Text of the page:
Yoh Services L.L.C., a Philadelphia-based staffing company that specializes in engineering and technology, saw a dramatic increase in postings, too. In 2014, 58 of 752 tech jobs filled were for cyber security. This year, as of the end of July, Yoh had filled 92 cyber security jobs out of 458 tech requests.
One problem is that the field is evolving so quickly that businesses do not understand what kind of cyber security specialist they need, said Frances "Candy" Alexander, board member at the Information Systems Security Association, a nonprofit organization for security professionals.
Most of the time they end up disappointed with their hires, said Alexander, who has been an information security analyst for more than 25 years.
"We've seen companies saying they need a chief security officer or security manager when all they need is someone to set up firewalls or police network traffic to make sure there are no threats or intrusions," she said.
To bridge the gap, companies should consult their own information technology departments, consultants, or professional recruitment sites that specialize in cyber security or information technology, she said.
Salaries for information technology security professionals range from $60,000 to $70,000 for entry-level jobs, according to CompTIA. The labor bureau reported that the median salary in 2012 was $86,170. The lowest 10 percent earned less than $49,960, the top 10 percent more than $135,600.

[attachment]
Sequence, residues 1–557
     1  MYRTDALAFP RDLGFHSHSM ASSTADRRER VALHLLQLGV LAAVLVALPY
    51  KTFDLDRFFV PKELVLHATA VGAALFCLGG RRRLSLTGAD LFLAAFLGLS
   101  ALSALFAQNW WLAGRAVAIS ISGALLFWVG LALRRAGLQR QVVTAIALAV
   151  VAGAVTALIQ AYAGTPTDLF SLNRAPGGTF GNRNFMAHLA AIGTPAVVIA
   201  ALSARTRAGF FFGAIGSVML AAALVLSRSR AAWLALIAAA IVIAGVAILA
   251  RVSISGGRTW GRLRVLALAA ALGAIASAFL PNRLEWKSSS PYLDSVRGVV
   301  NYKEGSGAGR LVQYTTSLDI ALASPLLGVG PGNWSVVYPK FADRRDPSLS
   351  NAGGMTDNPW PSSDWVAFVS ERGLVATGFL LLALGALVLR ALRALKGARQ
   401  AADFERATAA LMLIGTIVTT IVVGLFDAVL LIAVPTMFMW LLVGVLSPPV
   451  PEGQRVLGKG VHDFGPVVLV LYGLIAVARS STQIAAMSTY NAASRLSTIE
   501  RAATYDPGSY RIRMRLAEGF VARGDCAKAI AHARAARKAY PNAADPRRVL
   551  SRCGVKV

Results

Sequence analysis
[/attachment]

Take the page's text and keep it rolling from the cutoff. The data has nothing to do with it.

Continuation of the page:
James Stanger, senior director of products for CompTIA, said the trick to being a competitive hire is to have a college degree, certification, and experience.
"I've seen people with professional expertise coming in without college degrees and do well. But, in general, you need all three," Stanger said.
He suggests that, if an internship is not possible, volunteer at a community center or any nonprofit or religious establishments to gain experience.
At Drexel, Weber said he strongly encourages graduates to pursue additional certification to stay abreast of the ever changing technological landscape.
"At colleges, the goal is to teach foundational knowledge that will be relevant to a student's career in the next 30 to 40 years. Certs have a shorter-term goal. They're relevant for today's marketplace," he said.
Jake Kouns, chief information security officer at Risked Based Security in Richmond, Va., is cautious about certifications but emphasizes college and work experience.
Certification, he says, should be used to complement a college education and work experience.
"Certs provide good material. But they can't substitute real-world experience or problem-solving and critical-thinking skills that college teaches," said Kouns, who has four professional certificates.
What makes a good information security analyst?
Be adaptable, embrace change, and keep on learning, said John P. Donohue, associate chief information officer of technology and infrastructure at the Hospital of the University of Pennsylvania.
"Cyber security is not something you want to take lightly," he said. "It's a commitment to improving your knowledge and education in a dynamic security landscape."